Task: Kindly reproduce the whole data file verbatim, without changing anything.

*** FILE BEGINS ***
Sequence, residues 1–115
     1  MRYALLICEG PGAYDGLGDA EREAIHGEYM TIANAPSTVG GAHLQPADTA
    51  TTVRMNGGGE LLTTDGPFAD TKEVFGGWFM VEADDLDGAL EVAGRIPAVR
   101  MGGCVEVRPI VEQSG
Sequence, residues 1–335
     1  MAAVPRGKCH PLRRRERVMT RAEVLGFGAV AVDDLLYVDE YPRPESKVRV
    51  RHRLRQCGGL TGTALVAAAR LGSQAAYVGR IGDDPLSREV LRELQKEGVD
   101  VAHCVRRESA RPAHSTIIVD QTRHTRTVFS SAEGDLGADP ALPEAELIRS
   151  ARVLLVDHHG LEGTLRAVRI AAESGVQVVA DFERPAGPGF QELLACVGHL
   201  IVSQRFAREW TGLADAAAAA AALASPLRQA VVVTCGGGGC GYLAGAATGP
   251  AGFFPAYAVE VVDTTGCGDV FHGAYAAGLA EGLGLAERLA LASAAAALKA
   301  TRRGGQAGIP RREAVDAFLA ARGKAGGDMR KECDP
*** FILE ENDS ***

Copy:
Sequence, residues 1–115
     1  MRYALLICEG PGAYDGLGDA EREAIHGEYM TIANAPSTVG GAHLQPADTA
    51  TTVRMNGGGE LLTTDGPFAD TKEVFGGWFM VEADDLDGAL EVAGRIPAVR
   101  MGGCVEVRPI VEQSG
Sequence, residues 1–335
     1  MAAVPRGKCH PLRRRERVMT RAEVLGFGAV AVDDLLYVDE YPRPESKVRV
    51  RHRLRQCGGL TGTALVAAAR LGSQAAYVGR IGDDPLSREV LRELQKEGVD
   101  VAHCVRRESA RPAHSTIIVD QTRHTRTVFS SAEGDLGADP ALPEAELIRS
   151  ARVLLVDHHG LEGTLRAVRI AAESGVQVVA DFERPAGPGF QELLACVGHL
   201  IVSQRFAREW TGLADAAAAA AALASPLRQA VVVTCGGGGC GYLAGAATGP
   251  AGFFPAYAVE VVDTTGCGDV FHGAYAAGLA EGLGLAERLA LASAAAALKA
   301  TRRGGQAGIP RREAVDAFLA ARGKAGGDMR KECDP